But Simplicity is an outward discipline. What sorts of things can w do to live such a life? Foster gives ten principles; I give you the outdated page number for each in case you happen to also have the first UK ed at hand:

  1. buy things for their usefulness rather than their status (78)
  2. reject anything that is producing an addiction in you (79)
  3. develop a habit of giving things away (79)
  4. refuse to be propagandized by the custodians of modern gadgetry (80)
  5. learn to enjoy things without owning them (80)
  6. develop a deeper appreciation for the creation (80)
  7. look with a healthy skepticism at all ‘buy now, pay later’ schemes. They are a trap and serve to deepen your bondage (81)
  8. obey Jesus’ instructions about plain, honest speech (81)
  9. reject anything that will breed the oppression of others (82)
  10. shun whatever would distract you from your main goal (82)

Many of those are painfully obvious, but we do not live by them! Many we can think of friends or even ourselves being entrapped by such un-simplicity (e.g. ‘Must – have – iPhone – 5 …’; I know a guy with $25 000 of consumer debt). Number 8 is refers to, ‘Let your yes be yes and your no, no.’ How often do we just say what is necessary and what we mean without trying to justify ourselves or our answers? How many of us can even give an unqualified apology?

Our main goal — the Kingdom of God. Cassian (Conference 1) points us to ‘Purity of Heart’ as the earthly goal to attain this heavenly end. Kierkegaard’s book title (referenced by Foster) tells us that Purity of Heart Is to Will One Thing. It is Simplicity.

For More on Simplicity

Besides Celebration of Discipline, I have been challenged (and sometimes changed to whatever degree I am simple) by these two modern books in particular:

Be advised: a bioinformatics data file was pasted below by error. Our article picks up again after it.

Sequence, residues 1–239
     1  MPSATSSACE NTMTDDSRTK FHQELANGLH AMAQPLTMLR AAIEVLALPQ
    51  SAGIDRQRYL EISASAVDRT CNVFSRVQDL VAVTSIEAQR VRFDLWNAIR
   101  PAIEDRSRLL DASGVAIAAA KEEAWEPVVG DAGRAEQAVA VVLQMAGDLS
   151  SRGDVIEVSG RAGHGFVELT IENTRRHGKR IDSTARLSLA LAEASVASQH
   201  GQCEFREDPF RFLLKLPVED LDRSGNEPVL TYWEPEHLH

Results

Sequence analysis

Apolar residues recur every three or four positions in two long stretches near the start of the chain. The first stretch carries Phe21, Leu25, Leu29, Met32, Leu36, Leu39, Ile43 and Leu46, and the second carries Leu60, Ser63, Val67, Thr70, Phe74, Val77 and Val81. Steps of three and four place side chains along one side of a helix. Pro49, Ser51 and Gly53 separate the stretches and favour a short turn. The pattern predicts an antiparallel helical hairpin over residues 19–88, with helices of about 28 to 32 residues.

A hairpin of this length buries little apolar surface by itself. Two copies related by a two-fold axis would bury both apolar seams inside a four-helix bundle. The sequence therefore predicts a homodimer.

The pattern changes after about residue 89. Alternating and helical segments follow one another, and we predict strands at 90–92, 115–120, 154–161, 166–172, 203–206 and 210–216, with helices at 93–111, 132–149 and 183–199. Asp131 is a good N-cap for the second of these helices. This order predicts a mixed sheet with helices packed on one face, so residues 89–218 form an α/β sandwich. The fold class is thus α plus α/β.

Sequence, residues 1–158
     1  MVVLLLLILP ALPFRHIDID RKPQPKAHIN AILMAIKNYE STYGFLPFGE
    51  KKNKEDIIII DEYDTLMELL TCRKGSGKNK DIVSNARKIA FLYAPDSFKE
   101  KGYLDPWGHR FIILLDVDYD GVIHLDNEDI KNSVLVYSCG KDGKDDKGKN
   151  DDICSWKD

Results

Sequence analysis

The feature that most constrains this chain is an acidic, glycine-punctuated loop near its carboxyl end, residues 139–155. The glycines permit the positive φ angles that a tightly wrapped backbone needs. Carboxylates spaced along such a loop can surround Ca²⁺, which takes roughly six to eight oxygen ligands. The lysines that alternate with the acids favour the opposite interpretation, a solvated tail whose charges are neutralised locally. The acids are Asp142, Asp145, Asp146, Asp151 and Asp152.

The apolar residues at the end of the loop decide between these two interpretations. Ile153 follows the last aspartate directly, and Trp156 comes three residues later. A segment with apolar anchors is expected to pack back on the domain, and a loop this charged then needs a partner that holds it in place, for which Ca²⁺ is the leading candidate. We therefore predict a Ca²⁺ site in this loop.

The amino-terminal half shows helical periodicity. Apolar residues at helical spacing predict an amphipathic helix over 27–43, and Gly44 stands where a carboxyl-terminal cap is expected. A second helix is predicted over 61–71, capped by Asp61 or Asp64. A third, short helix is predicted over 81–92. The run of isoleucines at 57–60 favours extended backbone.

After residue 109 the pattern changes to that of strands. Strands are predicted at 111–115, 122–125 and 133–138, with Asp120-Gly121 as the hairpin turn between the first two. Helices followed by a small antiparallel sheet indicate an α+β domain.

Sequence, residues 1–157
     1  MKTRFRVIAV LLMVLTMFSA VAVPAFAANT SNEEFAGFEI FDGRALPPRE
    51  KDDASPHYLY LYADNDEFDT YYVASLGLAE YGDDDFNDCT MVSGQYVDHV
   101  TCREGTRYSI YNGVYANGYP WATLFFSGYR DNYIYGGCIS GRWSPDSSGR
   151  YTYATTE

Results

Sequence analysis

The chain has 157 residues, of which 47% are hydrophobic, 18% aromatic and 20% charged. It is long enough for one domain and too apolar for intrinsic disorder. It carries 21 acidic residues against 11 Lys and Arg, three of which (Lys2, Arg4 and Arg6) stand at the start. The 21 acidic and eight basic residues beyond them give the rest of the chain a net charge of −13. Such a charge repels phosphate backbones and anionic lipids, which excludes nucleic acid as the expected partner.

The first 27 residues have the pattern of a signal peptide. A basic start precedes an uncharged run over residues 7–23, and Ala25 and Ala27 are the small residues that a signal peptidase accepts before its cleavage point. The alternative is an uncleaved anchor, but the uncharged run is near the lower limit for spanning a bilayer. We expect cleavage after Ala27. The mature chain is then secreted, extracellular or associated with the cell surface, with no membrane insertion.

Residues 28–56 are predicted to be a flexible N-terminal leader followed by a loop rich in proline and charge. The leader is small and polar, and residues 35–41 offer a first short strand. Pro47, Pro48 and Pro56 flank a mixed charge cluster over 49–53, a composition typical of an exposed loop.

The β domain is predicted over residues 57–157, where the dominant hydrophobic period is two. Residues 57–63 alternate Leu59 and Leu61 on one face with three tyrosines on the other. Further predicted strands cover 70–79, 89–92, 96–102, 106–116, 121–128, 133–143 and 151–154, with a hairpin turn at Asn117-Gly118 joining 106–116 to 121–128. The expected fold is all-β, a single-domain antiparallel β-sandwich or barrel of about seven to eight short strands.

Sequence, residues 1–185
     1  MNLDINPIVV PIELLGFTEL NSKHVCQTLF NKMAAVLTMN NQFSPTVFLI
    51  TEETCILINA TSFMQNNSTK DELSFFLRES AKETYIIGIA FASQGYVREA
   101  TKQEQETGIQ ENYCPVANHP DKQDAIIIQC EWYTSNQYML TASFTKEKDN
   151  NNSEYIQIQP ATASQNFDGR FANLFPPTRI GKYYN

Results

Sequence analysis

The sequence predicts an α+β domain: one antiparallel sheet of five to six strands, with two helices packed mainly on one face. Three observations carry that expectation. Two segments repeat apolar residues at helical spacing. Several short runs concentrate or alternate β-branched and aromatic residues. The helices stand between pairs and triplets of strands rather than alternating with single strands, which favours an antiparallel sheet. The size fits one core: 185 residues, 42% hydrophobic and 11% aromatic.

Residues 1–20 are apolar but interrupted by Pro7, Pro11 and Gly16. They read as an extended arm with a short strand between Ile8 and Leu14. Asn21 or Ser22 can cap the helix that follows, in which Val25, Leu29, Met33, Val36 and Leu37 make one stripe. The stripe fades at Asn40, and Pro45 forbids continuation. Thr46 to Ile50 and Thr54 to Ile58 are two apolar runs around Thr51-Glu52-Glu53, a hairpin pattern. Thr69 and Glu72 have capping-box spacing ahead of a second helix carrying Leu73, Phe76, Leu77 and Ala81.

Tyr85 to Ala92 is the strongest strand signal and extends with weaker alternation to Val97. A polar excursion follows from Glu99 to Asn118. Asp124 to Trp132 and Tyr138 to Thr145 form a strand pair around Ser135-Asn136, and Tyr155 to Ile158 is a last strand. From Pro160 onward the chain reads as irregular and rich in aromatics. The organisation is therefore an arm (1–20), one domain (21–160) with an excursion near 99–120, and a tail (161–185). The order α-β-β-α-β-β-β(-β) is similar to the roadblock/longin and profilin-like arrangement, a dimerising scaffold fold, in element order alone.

Freedom of Simplicity by Richard J Foster. He goes into ever deeper detail in this book. Well worth reading and re-reading.

The Lessons of Saint Francis by John Michael Talbot. Gives various lessons on daily living with Christ through the lens of the life and teachings of the jongleur de Dieu.

From the ancient and medieval writers, check out John Cassian, The Conferences and Benedict of Nursia, The Rule.

Evagrius, Avarice, and Us

So, although I’ve fallen off the Read the Fathers cart (but hope to hop on again soon!), I’m still very much in the world of the Fathers. And since Thursday, I’ve returned a few times to the Desert Fathers and Mothers, who were my entry point into the patristic landscape of theology and spirituality.

This morning, over tea and toast, I read Evagrius Ponticus’ brief treatise ‘[To Eulogios.] On the Vices Opposed to the Virtues’, in Robert E. Sinkewicz, Evagrius of Pontus: The Greek Ascetic Corpus (a translation of all the extant Greek versions of Evagrius’ ascetic writings). Herein Evagrius has some good things to say about anger, and I’ll probably blog on them soon.

But what caught my eye was ch. 3, ‘Avarice and freedom from possessions’:

Avarice is the parsimony of idols, the prophecy of the crowd, a vote for stinginess, a hoarding mentality, a wealth of captivity, a race of injustice, an abundance of illnesses, a diviner of many years, an enchanter for industriousness, a counsellor of sleeplessness, poverty of the belly, meagreness of foods, insatiable madness, a wickedness of many cares.